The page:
What is dysphagia?
Dysphagia is the medical term for difficulty swallowing. If you have this condition, you may swallow more slowly than other people. Some people with dysphagia also experience pain when swallowing — odynophagia.
Signs and symptoms of dysphagia
Food feels stuck
People with dysphagia often have the sensation that food gets stuck in the throat or chest while eating. In some cases, this stuck food can actually come back into the mouth after swallowing. Sometimes, it may come back up through the nose.
If you have difficulty swallowing, you may not swallow as frequently as you used to. This can cause excess saliva that leads to drooling.
Coughing during or after eating
Trouble swallowing can cause you to cough during meals if food is not fully cleared from the throat after swallowing.
Types of dysphagia
Esophageal dysphagia is a disorder of the esophagus, and usually causes the sensation of food getting stuck in the throat. Oropharyngeal dysphagia refers to difficulty getting food from your mouth to your throat.
Causes of dysphagia
Esophageal dysphagia and oropharyngeal dysphagia have different causes.
Causes of esophageal dysphagia include:
Tumors or scar tissue
Tumors and scar tissue can create a narrowing of the esophagus that leads to difficulty swallowing. This is called an esophageal stricture. Scar tissue and inflammation can come from radiation therapy for cancer and other treatments.
Spasms or improper muscle function
- Achalasia — This is when the esophageal sphincter muscle has trouble relaxing, so food doesn't always enter your stomach properly. This may cause regurgitation.
- Diffuse spasm — Normally, your esophagus performs a series of well-timed contractions to get food into your stomach. However, if your esophagus spasms, the movements do not coordinate properly. Food may not reach the stomach properly and can remain in the throat for too long.
Causes of oropharyngeal dysphagia include:
Neurological disorders or damage
This condition occurs when a pouch forms where the esophagus meets the throat due to tense muscles in that area. Food can get stuck in this pouch so people with this condition feel like they need to clear their throat often. Spontaneous emptying of the pouch may also cause coughing. It can also cause difficulty swallowing.
Cancer and cancer treatment
When to see the doctor for dysphagia
See your doctor if you consistently have trouble swallowing, especially if it’s painful or causes weight loss or vomiting. If you have the feeling of something stuck in your throat or chest, seek emergency medical attention.
Diagnosis and tests for dysphagia
Depending on your exact dysphagia symptoms, your doctor may perform any of the following tests:
First, you drink a solution containing barium that coats your esophagus and will show up on an X-ray. They may also have you swallow a barium pill. Then, your doctor takes X-rays of your throat in various stages of swallowing.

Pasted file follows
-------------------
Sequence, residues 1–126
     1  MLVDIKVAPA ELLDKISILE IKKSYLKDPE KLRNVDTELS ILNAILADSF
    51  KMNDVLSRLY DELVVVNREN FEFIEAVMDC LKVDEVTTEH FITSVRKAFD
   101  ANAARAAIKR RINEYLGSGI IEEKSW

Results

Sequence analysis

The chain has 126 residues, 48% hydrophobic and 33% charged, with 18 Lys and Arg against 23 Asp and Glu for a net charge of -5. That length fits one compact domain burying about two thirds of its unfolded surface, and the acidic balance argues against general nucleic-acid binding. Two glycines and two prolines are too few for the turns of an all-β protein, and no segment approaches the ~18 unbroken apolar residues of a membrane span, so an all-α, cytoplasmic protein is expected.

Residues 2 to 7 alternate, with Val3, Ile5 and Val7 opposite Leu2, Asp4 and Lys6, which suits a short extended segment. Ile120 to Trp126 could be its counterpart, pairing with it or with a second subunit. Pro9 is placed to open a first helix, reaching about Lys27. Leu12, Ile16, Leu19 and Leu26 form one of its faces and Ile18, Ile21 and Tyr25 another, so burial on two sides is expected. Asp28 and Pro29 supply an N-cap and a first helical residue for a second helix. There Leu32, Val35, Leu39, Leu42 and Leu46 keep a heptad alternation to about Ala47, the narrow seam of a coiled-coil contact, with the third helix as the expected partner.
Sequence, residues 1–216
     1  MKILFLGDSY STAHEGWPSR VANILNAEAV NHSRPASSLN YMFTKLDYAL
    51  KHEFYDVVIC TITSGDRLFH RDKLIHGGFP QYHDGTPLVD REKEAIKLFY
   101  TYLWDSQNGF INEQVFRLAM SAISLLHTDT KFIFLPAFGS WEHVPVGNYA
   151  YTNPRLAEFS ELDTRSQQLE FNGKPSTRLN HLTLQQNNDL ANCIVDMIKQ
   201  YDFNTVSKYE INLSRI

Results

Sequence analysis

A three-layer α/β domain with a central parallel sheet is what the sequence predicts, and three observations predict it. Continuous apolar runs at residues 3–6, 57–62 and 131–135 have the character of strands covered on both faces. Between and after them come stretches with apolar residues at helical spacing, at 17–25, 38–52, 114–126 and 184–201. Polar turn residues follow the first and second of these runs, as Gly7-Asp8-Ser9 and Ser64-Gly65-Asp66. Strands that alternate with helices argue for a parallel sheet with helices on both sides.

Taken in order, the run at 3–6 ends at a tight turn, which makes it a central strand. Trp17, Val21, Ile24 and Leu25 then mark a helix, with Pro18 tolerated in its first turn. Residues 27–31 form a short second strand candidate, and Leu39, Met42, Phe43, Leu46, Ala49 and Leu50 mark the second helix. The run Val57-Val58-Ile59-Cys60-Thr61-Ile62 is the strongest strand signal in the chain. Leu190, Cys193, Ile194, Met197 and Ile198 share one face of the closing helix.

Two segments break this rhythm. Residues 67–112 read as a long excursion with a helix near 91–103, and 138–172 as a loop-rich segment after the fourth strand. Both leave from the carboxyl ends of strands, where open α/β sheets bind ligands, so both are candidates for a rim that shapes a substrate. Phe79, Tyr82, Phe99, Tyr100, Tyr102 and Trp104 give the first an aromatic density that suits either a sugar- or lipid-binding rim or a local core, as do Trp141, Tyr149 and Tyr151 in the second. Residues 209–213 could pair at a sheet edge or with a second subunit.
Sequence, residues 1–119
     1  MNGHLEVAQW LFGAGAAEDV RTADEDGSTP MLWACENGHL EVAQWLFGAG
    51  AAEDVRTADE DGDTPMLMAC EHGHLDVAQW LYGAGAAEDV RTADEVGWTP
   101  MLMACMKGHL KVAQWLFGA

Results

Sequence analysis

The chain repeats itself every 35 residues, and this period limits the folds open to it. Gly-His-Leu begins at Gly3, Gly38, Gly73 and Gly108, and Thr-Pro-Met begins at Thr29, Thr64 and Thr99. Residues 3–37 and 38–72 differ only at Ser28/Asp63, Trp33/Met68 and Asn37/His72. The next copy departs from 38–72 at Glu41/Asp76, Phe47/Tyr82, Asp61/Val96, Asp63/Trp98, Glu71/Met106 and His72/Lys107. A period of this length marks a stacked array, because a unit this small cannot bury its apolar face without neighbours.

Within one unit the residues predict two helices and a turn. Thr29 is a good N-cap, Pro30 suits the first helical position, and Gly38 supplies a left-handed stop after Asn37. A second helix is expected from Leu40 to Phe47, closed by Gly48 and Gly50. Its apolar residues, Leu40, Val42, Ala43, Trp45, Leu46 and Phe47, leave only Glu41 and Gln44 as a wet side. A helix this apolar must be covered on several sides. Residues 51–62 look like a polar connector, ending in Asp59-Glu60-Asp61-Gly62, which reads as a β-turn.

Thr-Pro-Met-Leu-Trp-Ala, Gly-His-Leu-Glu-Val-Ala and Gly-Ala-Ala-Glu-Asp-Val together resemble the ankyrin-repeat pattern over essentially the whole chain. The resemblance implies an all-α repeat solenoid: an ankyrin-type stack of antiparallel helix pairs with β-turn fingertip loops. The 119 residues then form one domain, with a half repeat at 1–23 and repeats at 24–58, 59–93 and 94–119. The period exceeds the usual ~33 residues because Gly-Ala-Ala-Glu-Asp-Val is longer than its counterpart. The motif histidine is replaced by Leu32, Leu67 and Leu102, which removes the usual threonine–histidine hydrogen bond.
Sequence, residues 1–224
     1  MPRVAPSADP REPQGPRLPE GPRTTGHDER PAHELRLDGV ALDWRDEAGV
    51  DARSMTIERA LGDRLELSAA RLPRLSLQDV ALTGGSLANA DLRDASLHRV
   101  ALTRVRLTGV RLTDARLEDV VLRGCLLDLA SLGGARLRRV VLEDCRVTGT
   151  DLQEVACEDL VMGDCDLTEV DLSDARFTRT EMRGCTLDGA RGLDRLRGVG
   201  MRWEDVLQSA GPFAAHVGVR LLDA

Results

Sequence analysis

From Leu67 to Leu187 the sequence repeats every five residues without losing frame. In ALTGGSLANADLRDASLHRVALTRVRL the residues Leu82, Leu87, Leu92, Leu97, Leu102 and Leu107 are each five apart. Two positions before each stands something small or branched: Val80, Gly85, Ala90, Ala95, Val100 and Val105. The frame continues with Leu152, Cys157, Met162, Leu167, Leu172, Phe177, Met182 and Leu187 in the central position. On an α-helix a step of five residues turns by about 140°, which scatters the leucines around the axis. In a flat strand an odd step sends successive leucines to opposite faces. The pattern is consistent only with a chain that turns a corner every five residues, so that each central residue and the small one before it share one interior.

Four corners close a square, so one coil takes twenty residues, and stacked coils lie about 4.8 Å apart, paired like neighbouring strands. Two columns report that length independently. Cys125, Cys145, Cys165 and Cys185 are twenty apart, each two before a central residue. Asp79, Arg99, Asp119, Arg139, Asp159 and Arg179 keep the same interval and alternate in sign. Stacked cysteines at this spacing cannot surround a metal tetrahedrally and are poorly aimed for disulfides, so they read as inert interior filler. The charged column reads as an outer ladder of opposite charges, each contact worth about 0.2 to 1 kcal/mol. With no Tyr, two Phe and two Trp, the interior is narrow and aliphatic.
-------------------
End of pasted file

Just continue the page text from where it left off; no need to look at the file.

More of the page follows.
An endoscope is a device a doctor can use to look down your throat. It is a thin tube with a lens and a light at the end. Some endoscopes also have a camera on the end that allows doctors to see down your throat even better. If there are any abnormalities, your doctor may do a biopsy.
In this procedure, a doctor inserts a thin tube with a pressure gauge into your esophagus. Then, when you swallow, the device records the strength of your muscles
Treatments for dysphagia
The treatment for dysphagia depends on the cause and the type you have.
The main treatment for oropharyngeal dysphagia uses exercises that strengthen and train your muscles to swallow properly. There are also exercises you can do to help you learn how to place food or how to position your body for swallowing success. People with degenerative disorders can also learn new swallowing techniques to help.
If you have a narrowing of the esophagus caused by achalasia, your doctor may do a procedure called esophageal dilation. They insert an endoscope with a balloon on the end and inflate it to gently reduce the narrowing.
Some cases of dysphagia may require surgery. Esophageal surgeries can remove tumors and fix Zenker's diverticulum. Doctors can also insert permanent or temporary stents to hold the sphincter of the esophagus open. An incision into the sphincter muscle itself can help some cases of achalasia.
Digestive Disorders Resources
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American Society for Gastrointestinal Endoscopy: "Understanding Esophageal Manometry."
Cedars-Sinai: "Diffuse Esophageal Spasm."
Family Doctor: "Dysphagia."
Johns Hopkins Medicine: "Barium Swallow."
Mount Sinai: "Zenker's Diverticulum."
National Health Service: "Achalasia."
National Health Service: "Dysphagia (swallowing problems)."
Saint Luke's Health System: "Esophageal Dilation."
University of Texas MD Anderson Cancer Center: "Dysphagia in cancer patients: What to know."